Purna Maya v. Nepal

This case concerns the arbitrary detention and torture of a woman by Nepalese soldiers in 2004, during the period of armed conflict between State and Maoist forces. 

Purna Maya (her name has been changed to protect her privacy) ran a tea shop.  Over a number of weeks, she was subjected to a series of threats from soldiers who were looking for her estranged husband.  Among other things she was called a whore and told that if her husband did not present himself to the authorities she would suffer consequences.

On 23 November 2004 Purna Maya was dragged out of bed by soldiers and taken into custody. At a nearby army barracks she was blindfolded, interrogated about her husband’s activities, punched and kicked, told to drink urine, bitten, and raped repeatedly by at least four different soldiers. She lost consciousness, and was later dumped on the street outside the barracks.

Despite reporting the crimes to the authorities, she has not had her case investigated, no person has been prosecuted, and she has not received any reparation. 

In 2011 her lawyers, Advocacy Forum Nepal, and local women’s organizations attempted to file a criminal complaint with police on her behalf.  However, the police refused to register the complaint because the law imposes a 35 day limit on filing complaints of rape.  An appeal to the Chief District Officer and then further to the Supreme Court was not successful.

Advocacy Forum and REDRESS are representing Purna Maya before the UN Human Rights Committee, alleging that Nepal is responsible for serious violations of her human rights.  The communication examines the position of women in Nepalese society, and the complete inaction of the government on sexual violence cases from the conflict.  It alleges that Purna Maya was a victim of torture, arbitrary detention, inhuman treatment, and discrimination, contrary to the International Covenant on Civil and Political Rights.  In particular it examines the nature of rape as a form of torture, and the positive obligations states have to respond to it, and argues that the limitation period for filing rape complaints is discriminatory and contrary to Nepal’s obligations under the Covenant.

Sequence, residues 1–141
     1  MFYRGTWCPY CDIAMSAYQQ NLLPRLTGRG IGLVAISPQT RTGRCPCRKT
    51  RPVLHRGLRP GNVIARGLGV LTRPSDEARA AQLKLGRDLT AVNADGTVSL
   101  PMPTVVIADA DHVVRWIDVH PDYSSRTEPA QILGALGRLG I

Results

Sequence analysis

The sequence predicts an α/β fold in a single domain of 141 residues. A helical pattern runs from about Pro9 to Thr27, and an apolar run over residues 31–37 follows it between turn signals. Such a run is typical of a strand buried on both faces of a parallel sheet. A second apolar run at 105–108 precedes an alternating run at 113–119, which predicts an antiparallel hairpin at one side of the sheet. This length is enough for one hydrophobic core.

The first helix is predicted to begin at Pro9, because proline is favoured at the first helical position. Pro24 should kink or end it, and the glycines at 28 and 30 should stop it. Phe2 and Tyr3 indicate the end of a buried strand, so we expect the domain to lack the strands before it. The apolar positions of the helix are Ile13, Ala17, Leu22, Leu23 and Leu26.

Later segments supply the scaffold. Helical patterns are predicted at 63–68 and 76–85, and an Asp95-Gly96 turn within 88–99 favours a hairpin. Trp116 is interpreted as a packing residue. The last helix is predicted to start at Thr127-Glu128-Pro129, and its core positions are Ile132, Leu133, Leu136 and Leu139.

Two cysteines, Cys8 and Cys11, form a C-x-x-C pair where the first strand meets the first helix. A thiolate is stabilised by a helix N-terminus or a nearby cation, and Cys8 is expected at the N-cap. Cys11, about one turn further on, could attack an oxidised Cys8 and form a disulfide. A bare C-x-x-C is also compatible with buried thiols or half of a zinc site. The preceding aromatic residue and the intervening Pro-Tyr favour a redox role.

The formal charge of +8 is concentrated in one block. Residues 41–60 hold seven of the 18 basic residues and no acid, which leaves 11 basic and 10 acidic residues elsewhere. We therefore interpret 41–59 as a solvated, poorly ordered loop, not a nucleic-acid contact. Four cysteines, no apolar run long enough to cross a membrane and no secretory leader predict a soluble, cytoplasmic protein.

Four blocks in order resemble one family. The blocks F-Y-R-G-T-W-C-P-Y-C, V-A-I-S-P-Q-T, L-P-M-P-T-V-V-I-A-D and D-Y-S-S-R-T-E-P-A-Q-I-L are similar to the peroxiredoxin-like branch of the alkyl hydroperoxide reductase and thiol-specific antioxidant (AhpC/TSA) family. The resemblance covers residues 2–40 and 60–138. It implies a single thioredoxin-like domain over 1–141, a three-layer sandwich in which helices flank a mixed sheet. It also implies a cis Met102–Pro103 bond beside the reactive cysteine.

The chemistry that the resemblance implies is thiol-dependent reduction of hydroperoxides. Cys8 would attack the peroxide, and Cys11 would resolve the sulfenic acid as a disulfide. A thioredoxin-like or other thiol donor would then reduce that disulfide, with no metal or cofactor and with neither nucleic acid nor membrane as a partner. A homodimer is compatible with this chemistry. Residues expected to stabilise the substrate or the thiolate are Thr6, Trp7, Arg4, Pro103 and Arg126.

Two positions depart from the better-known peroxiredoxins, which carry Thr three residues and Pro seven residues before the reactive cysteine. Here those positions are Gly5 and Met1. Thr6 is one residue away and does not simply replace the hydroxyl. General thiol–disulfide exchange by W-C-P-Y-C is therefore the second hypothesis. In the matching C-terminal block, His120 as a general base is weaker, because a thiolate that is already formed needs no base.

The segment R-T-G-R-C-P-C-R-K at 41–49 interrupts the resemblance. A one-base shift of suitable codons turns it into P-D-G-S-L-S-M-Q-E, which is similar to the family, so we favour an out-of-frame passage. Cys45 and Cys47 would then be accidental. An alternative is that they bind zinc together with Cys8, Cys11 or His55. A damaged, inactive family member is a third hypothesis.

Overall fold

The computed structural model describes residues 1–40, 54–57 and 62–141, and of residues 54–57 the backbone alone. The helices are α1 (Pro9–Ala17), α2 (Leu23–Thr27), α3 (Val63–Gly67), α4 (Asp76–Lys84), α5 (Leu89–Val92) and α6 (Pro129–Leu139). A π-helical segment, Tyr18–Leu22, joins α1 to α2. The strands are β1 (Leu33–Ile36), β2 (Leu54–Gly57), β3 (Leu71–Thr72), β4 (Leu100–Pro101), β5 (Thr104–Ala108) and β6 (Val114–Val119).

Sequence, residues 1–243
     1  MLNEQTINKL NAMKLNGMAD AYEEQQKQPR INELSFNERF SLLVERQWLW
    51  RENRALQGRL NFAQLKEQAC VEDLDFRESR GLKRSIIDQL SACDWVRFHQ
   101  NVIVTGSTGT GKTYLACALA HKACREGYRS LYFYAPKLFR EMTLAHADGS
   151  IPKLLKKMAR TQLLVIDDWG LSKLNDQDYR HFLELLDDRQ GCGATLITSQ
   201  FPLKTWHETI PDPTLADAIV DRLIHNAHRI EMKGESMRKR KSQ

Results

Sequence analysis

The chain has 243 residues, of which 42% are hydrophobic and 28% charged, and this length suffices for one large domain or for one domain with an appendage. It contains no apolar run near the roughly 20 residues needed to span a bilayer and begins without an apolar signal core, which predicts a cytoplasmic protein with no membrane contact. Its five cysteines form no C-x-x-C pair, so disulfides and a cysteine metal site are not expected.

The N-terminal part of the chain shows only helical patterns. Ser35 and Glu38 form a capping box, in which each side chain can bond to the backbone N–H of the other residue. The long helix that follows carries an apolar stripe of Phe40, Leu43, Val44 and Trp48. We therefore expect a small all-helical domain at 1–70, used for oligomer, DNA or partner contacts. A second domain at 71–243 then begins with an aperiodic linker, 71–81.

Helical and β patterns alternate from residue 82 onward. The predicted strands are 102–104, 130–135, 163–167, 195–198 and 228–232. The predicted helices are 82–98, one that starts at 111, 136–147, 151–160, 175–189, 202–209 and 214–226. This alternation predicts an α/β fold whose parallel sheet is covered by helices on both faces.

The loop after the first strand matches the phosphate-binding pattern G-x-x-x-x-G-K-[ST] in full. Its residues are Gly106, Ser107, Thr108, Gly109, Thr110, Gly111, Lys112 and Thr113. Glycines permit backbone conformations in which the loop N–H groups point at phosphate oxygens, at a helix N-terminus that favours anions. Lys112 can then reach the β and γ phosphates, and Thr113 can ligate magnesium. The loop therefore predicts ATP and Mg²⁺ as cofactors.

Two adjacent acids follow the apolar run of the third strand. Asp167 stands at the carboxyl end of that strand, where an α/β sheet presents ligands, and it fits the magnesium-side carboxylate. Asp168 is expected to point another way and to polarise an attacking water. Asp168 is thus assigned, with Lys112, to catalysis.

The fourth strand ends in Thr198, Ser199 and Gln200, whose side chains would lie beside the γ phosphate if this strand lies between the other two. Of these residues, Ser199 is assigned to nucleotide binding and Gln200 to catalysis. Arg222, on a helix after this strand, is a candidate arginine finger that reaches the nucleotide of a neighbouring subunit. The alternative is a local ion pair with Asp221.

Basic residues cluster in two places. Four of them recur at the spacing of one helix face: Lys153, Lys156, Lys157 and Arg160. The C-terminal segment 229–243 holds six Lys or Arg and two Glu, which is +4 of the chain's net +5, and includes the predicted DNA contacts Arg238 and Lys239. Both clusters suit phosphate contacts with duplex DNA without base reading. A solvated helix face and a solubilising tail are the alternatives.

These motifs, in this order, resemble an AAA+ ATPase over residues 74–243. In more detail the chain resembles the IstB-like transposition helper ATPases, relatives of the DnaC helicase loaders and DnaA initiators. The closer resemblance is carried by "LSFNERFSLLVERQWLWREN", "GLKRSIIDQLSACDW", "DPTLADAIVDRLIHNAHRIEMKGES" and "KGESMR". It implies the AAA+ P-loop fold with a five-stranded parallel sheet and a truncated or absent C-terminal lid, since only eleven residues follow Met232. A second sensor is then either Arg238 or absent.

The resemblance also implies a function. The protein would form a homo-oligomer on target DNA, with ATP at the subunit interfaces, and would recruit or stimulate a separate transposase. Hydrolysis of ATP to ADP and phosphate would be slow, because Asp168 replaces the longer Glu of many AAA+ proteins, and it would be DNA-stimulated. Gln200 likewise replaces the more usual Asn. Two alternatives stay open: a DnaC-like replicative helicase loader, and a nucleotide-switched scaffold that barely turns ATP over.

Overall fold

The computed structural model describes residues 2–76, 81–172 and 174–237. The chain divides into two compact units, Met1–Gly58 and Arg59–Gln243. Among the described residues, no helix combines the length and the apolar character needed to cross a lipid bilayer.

Advocacy Forum and REDRESS filed the communication in Purna Maya’s case on 19 December 2012.  In August 2013 the government filed comments on the admissibility of the communication, which the author responded to the same month.  Nepal filed its comments on the merits in December 2013, and the author provided her response on 3 February 2014.

In July 2014, following the adoption of an act to establish a Truth and Reconciliation Commission in Nepal, the author provided a further update to the Committee, enclosing an analysis of the Act by Advocacy Forum, REDRESS and TRIAL, an OHCHR analysis of the Act, and a statement by UN special procedures mandate holders calling for amendment of the Act.

The UN Human Rights Committee adopted views in this case on 17 March 2017. It urged Nepal to investigate, prosecute and punish the men who raped her and to provide her with full reparations. The Committee also urged Nepal to take steps to prevent similar violations, including concrete measures to ensure access to justice for victims of rape.

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